Željko Heimer 12 Dec 1995

I guess that the Constitution of Djibouti was drafted on the French model. The "description" of the flag is as ambiguous as the description of the French flag in the French Constitution. Which brings us no nearer to the vexed question of what is the official ratio. Is it actually 21:38, or is this as much of a vexillological myth as the Niger's 6:7?
Ivan Sache and Christopher Southworth, 10 April 2004

A note in Album des Pavillons (2000) [pay00] explains that the flag exists also in ratio 21:38.  The construction details are given as (2+2):(3~+3~) which isn't helpful. The star seems to be inscribed in a circle, 1/5 in diameter.  Other sources which I have consulted all give different ratios:
Flags and Arms across the World; Whitney Smith (1982) [smi82] : 21:38~
Shipmate Flagchart [vdv98] : 1:2
Flags of the World, Nicole Smith (1995) [nsi95] : 1:2 **
The World Encyclopedia of Flags, Alfred Znamierowski (1999) [zna99] : 21:38 (but with a considerably bigger star).

I have a theory, that would give quite another ratio. Suppose that the rightmost angle of the triangle reaches the midpoint of the flag, so that the non-hoist sides of the triangle fall on the same line as the diagonals of the flag. That would make the whole rectangle twice as long as the equilateral triangle, and that is exactly square root of 3. That is, I "suggest" that the ratio is 1:sqrt(3), so approximately 100:173. This is not quite close to 1:2, nor 2:3, nor 21:38. So, there are 4 variations to this flag to be considered, but as far as I could see they only differ in the "length" of the blue and green stripes. The triangle is unaffected - always equilateral.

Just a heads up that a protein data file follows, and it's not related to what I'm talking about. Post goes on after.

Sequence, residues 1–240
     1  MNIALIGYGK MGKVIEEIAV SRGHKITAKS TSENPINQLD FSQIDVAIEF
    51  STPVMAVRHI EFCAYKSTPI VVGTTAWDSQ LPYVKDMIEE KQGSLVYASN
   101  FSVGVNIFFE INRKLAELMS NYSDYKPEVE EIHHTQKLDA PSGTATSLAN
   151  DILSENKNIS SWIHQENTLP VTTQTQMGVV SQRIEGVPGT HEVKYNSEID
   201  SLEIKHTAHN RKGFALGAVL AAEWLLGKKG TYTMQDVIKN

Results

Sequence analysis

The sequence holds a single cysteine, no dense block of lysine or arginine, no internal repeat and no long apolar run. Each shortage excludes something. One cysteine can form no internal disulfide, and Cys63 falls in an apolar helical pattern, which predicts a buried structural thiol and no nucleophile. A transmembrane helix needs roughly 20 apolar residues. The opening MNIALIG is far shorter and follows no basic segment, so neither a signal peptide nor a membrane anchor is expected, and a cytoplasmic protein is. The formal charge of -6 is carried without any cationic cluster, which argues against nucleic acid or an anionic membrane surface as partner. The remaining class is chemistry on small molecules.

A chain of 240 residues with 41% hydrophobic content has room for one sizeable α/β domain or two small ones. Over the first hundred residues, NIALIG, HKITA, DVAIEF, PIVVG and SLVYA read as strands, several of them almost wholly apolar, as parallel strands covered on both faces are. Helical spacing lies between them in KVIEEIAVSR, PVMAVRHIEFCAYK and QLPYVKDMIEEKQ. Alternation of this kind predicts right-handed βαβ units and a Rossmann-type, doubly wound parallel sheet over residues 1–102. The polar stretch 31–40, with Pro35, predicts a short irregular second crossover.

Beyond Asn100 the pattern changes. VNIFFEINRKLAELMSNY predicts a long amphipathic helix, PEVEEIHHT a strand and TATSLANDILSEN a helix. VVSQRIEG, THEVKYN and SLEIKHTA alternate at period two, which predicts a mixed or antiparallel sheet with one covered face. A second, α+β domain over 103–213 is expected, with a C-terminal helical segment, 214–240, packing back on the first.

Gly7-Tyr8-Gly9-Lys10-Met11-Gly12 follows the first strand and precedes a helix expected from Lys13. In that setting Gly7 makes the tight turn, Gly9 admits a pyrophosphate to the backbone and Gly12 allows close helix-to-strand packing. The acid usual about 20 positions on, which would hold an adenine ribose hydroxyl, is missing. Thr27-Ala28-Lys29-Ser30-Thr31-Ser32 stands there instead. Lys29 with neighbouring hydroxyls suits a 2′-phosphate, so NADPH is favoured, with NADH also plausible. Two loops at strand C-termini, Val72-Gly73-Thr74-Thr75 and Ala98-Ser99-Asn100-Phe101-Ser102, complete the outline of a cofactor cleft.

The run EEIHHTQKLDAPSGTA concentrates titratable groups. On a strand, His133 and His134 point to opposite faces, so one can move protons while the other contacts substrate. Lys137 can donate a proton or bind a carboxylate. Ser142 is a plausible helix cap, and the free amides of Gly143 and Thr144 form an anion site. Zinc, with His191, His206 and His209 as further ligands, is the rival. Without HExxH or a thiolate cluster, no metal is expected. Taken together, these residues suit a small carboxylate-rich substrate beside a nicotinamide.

The colours are approximated in Album 2000 [pay00] as :
blue Pantone 292c
green Pantone 361c
red Pantone 179c
Željko Heimer, 13 June 2001

The ratio of 21:38 is quoted by a variety of unconnected sources and so surely must have a basis in fact somewhere? The only explanation I can come up with is that the flag was originally defined by illustration or sample flag, and that the artist or manufacturer intended the length to be twice that of the triangle. A small drawing or manufacturing error would convert 21:36 into 21:38 would it not?
Christopher Southworth, 01 Feb 2003

When working on Album 2000 [pay00], I gave a ratio of 2:3. I relied on a sketch drawn in an official letter dated 22 July 1977 from the French Naval Authority at the time in Djibouti, the sketch having exactly that ratio 2:3. I only mentioned ratio 21:38 in a note because of the variations given in other vexillological books.
Armand du Payrat, 11 Feb 2003

The triangle in this flag is isosceles, but definitely not equilateral in my source (and in many vexillological books).
Armand du Payrat, 12 Feb 2003

Decree #97-0163/PR/MI prescribes the details of implementation of the Friday 18 December election and of the next legislative election. In article 5 it is noted: The ballot papers can be printed on coloured paper. [...] The combination of the colours of the national flag is strictly prohibited on pain of a 1,000,000 to 2,000,000 FD fee for the printer. Source: Website of the Presidency of Djibouti.